Beginning next week, the EIA will be sending out these surveys to commercial cryptocurrency miners and they will be required to respond with details of their energy usage.

About this survey, EIA Administrator Joe DeCarolis said, quote:

“We intend to continue to analyze and write about the energy implications of cryptocurrency mining activities in the United States,” “We will specifically focus on how the energy demand for cryptocurrency mining is evolving, identify geographic areas of high growth, and quantify the sources of electricity used to meet cryptocurrency mining demand.”

And I've gotta say, I think this is a great idea. I think we should collectively be trying to get a handle on this kind of digital counterfeiting technology and it's impact on our economy.

Snap's got Malware

Alright, our main story today... at least one user had over half a million dollars in crypto stolen by a malicious app distributed through Canonicals Snap channels.

An app called Exodus, posing as a local crypo wallet was published to the Snap store. It has a fresh look, the screenshots seem professional, it has a clean logo and even some well-written marketing copy. It was apparently a repackage of a reputable crypto wallet.

So when Snapcraft forum user castle asked

Can anyone tell if the Exodus wallet in Ubuntu’s software store is a scam? My wallet is empty after recovering and it shows a recent transaction of my entire balance sent to an address. I never made this transaction.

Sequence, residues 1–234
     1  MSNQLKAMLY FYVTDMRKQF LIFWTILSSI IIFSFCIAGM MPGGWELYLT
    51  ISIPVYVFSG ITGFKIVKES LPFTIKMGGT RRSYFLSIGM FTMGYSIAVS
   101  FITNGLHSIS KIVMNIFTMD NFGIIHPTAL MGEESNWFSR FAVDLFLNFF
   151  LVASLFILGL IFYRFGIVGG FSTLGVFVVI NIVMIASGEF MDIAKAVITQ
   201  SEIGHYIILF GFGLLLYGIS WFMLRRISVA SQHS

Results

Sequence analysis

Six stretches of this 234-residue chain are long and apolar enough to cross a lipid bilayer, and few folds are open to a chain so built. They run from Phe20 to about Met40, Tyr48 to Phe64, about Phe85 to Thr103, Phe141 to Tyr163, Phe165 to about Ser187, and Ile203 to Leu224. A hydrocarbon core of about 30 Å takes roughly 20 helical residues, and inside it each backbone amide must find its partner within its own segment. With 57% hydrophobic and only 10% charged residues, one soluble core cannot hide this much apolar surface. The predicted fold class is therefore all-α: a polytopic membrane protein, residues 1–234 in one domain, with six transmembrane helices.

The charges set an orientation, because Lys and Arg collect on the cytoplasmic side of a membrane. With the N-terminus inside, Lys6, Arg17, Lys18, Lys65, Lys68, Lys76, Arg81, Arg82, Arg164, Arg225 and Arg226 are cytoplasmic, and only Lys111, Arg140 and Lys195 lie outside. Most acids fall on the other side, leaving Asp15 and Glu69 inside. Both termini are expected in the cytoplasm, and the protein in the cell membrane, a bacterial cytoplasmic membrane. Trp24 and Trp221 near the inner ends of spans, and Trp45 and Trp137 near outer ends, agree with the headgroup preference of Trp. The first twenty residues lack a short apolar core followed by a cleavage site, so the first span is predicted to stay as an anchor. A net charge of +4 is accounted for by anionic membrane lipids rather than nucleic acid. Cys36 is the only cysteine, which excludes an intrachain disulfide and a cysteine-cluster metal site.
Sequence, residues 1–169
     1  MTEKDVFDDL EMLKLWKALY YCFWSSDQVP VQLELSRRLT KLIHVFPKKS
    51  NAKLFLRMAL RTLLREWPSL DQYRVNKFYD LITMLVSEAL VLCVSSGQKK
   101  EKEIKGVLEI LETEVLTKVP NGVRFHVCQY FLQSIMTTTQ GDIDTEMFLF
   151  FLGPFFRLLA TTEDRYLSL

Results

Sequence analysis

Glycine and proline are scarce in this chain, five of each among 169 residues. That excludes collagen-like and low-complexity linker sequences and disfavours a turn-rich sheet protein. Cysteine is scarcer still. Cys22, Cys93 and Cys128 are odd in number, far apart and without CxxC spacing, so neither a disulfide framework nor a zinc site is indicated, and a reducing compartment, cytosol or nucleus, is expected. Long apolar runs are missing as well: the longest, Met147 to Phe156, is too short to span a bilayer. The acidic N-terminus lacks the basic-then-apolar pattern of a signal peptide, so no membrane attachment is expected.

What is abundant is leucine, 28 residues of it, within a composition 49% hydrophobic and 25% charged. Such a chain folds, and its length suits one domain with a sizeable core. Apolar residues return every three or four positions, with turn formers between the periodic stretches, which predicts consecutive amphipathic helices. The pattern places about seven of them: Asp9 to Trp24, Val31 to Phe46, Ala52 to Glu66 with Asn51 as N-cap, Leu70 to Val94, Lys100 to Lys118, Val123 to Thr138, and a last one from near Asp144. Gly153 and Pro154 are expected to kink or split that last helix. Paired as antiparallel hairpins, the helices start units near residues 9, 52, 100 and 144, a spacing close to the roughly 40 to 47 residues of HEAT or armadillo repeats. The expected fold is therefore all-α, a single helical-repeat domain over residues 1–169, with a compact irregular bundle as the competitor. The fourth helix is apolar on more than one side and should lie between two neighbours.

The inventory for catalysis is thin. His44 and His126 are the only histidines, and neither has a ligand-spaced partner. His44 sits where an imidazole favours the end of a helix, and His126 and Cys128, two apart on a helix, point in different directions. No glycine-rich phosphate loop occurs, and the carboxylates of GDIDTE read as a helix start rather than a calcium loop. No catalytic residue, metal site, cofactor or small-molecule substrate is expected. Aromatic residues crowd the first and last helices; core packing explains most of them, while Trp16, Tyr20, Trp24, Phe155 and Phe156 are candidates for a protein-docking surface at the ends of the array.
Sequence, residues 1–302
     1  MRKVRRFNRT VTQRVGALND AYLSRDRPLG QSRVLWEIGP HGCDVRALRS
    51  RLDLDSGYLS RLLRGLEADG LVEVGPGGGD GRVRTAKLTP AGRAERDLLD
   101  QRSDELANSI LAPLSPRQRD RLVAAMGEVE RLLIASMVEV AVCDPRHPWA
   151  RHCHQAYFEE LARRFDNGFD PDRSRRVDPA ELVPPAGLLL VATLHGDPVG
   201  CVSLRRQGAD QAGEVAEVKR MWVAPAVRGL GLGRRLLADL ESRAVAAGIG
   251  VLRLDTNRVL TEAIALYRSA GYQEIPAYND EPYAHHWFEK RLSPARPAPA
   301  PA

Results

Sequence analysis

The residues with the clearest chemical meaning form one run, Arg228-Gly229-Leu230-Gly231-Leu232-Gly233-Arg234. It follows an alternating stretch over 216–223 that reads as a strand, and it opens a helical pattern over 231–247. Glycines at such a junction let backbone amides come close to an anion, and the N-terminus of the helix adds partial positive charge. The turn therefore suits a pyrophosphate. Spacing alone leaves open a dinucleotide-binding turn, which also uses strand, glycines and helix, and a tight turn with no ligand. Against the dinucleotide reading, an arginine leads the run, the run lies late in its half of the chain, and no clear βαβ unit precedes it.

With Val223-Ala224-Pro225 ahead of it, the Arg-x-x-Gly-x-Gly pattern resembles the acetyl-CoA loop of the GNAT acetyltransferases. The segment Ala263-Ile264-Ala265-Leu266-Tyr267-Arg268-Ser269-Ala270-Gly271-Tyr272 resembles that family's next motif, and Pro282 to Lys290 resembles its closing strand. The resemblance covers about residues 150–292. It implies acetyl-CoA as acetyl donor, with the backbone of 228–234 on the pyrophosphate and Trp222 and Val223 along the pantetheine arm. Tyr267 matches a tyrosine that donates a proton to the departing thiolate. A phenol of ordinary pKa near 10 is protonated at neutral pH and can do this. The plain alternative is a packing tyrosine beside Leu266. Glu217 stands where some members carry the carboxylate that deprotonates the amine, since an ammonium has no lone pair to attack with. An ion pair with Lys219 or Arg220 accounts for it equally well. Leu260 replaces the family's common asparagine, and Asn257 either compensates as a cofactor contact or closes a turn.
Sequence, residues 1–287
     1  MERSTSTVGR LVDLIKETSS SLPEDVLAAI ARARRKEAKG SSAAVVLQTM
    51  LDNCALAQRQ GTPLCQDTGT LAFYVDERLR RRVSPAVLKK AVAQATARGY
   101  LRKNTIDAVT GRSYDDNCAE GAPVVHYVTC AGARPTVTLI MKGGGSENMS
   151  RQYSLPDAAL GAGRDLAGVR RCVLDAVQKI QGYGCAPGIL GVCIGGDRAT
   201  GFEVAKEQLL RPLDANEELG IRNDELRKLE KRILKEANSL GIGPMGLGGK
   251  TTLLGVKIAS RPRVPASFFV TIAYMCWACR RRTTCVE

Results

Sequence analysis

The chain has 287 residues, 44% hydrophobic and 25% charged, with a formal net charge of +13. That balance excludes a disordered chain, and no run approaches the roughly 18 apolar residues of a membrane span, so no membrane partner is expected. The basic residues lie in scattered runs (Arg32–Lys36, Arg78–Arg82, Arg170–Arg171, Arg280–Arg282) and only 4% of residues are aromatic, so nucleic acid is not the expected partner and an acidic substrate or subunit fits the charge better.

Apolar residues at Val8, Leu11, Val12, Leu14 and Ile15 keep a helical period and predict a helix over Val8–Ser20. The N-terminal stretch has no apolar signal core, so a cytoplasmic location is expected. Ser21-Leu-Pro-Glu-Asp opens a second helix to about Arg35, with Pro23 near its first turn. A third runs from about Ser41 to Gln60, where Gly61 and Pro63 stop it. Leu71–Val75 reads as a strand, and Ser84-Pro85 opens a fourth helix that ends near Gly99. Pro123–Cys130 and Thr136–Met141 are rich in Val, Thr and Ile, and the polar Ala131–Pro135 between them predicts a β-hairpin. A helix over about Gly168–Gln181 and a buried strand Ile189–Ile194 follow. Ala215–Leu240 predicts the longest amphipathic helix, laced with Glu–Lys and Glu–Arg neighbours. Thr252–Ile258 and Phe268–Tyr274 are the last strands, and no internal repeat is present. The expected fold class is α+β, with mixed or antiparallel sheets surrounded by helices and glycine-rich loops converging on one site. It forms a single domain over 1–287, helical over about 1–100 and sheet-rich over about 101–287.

You can bet that it caught the attention of Alan Pope. Now, you may know Popey. He used to work for Canonical on the Snap team. But now, he's quote "Just a guy who wants... Snapcraft to be a success."

Notably, the Ubuntu "App Center" entry for this app showed a "Safe" badge with a "confirmed" subheading. One might reasonably mistake that to mean there was no risk to using this software. But that badge probably only indicates that there was no known malware signatures detected.

So Popey, being once a part of the Snap team, decided to dig into the malicious software and he found significant differences between the app distributed through the Snap store and the authentic app distributed through the official website.